In a prior case, Driscoll v. Plymouth Township, 13 Pa. Commonwealth Ct. 404, 320 A.2d 444 (1974),*fn1 we passed upon the constitutionality of similar bond provisions in Section 916 of the Code, 53 P.S. § 10916.*fn2 We there found that "the right of an individual to appeal from the issuance of a building permit to the owner of a neighboring property is not an exclusive precondition to the adjustment of a fundamental human relationship . . ." which is constitutionally protected, 13 Pa. Commonwealth Ct. at 410, 320 A.2d at 447-48; that the "bond requirement serves the purpose of providing financial protection for the victorious landowner who might sustain pecuniary loss as a result of lengthy litigation while at the same time screening frivolous appeals . . .", 13 Pa. Commonwealth Ct. at 410-11, 320 A.2d at 448; that "the State has an interest in pursuing both of the above objectives," 13 Pa. Commonwealth Ct. at 411, 320 A.2d at 448; and that the bond provisions are "rational means to effectuate the above interests. . . ." Id. Accordingly, we held that the bond requirement in Section 916 did not violate the equal protection or due process clauses of the Fourteenth Amendment. Since the provisions in Section 1008(4) are for all essential purposes identical to those in Section
[ 24 Pa. Commw. Page 188916]
,*fn3 our conclusions in Driscoll are equally applicable here and adequately dispose of appellants' first and second constitutional attacks without the need for further discussion.*fn4
Third, appellants assert that Section 1008(4) is unconstitutionally vague in that it fails to set forth any guidelines or standards by which the court can decide whether a bond should be granted. This assertion is without merit. The purpose of Section 1008(4), as stated above and as admitted by appellants, is to provide financial protection to a landowner successful in prior proceedings from pecuniary loss occasioned by delay attendant the appeal. Given this purpose, the court is furnished a sufficient standard, i.e., whether the landowner will sustain damages which can be reasonably anticipated as a result of the delay.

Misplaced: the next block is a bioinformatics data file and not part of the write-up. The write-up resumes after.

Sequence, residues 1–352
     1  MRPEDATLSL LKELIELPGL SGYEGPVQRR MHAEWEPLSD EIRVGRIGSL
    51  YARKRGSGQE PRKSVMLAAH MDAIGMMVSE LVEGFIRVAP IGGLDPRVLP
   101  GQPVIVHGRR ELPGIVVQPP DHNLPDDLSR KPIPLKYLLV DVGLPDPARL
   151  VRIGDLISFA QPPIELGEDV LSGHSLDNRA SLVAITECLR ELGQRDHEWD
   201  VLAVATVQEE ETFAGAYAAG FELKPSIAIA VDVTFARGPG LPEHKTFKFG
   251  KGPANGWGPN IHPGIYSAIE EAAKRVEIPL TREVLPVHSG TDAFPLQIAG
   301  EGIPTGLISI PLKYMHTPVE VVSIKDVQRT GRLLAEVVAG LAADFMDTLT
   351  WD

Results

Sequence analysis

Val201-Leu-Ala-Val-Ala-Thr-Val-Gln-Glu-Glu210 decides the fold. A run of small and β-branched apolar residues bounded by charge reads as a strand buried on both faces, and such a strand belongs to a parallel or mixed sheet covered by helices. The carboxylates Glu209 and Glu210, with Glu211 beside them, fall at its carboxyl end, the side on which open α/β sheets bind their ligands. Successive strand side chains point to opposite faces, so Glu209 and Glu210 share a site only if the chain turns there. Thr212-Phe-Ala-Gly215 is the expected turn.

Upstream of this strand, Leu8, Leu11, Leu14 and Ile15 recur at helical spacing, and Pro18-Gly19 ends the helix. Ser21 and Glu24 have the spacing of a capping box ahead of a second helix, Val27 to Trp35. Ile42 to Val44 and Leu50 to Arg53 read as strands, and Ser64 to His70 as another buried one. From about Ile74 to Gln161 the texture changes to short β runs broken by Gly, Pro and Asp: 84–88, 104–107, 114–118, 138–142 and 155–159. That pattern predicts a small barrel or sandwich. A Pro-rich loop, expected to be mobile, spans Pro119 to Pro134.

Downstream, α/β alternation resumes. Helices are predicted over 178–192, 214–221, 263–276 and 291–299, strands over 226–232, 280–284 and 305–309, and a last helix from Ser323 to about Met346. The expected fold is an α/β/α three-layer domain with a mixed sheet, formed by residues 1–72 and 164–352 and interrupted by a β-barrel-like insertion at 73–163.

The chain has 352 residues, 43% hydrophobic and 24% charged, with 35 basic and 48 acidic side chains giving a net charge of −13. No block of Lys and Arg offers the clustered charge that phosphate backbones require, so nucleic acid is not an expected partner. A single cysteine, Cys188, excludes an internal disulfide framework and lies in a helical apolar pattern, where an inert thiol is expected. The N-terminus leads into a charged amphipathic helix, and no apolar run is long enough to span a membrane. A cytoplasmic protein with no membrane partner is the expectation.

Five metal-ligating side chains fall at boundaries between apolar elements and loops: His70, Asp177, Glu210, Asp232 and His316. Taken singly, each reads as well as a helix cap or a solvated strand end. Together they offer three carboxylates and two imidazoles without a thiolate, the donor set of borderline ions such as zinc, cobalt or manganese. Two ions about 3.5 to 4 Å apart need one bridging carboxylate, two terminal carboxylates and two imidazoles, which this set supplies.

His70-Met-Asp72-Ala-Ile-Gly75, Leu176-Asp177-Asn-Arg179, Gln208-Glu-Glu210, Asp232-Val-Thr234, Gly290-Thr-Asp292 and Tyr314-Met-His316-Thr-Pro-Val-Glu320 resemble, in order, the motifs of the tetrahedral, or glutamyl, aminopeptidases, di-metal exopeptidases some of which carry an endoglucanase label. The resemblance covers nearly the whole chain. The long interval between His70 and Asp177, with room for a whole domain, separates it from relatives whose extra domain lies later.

Even if Section 1008(4) is constitutionally sound, appellants, as their second line of argument, raise two challenges to the lower court's exercise of its discretion in ordering the posting of the bond. First, appellants contend that the court below abused its discretion in failing to consider (a) the financial ability of appellants to
[ 24 Pa. Commw. Page 189]
obtain a bond, and (b) the merits of the appeal. We are not so persuaded.
Since the purpose of the bond is the financial protection of the landowner from delay damages caused by the appeal, the financial ability of appellants to obtain a bond is not a relevant consideration. We so held in Driscoll, supra, and adopt that conclusion here. We also held in Driscoll that the merits of the appeal are similarly irrelevant. However, we need not reach that conclusion presently since appellants did not attempt to introduce any evidence whatsoever concerning the merits at the bond hearing or to petition the court for a rehearing to consider such evidence. Therefore, that issue is not properly before this Court and need not be decided.
Second, appellants contend that the lower court abused its discretion in setting the bond in an amount not supported by the evidence. We disagree. Through the testimony of the vice-president of appellee corporation, evidence was presented at the bond hearing covering a variety of loss items, including $140,000.00 in anticipated annual net profits from the operation of the new food store. That figure was based upon projected gross revenues of $7,000,000.00 at a current return rate of 2% enjoyed by appellee corporation's other stores. We find that this evidence alone is sufficient to support the amount of the bond.*fn5
Accordingly, the order of April 25, 1975, and the order of May 7, 1975, are hereby affirmed and this matter is remanded to the Court of Common Pleas of Northampton County to afford appellants a reasonable opportunity
[ 24 Pa. Commw. Page 190]
to post bond in accordance with the order of April 25, 1975.
Order affirmed. Case remanded.
Concurring Opinion by Judge Blatt:
While I concur in the result reached by the majority in this case, I reiterate my position, which was previously expressed by Judge Rogers' dissent in Driscoll v. Plymouth Township, 13 Pa. Commonwealth Ct. 404, 320 A.2d 444 (1974), that the merits of a zoning appeal should be considered by the court below in a proceeding to fix the amount of the bond which the court may in its discretion order an aggrieved citizen to post before he may further proceed with the appeal. Because the appellants did not attempt to introduce such evidence here, however, the issue need not be reached. Orleans v. The Melrose Park Improvement Association, 18 Pa. Commonwealth Ct. 185, 335 A.2d 851 (1975).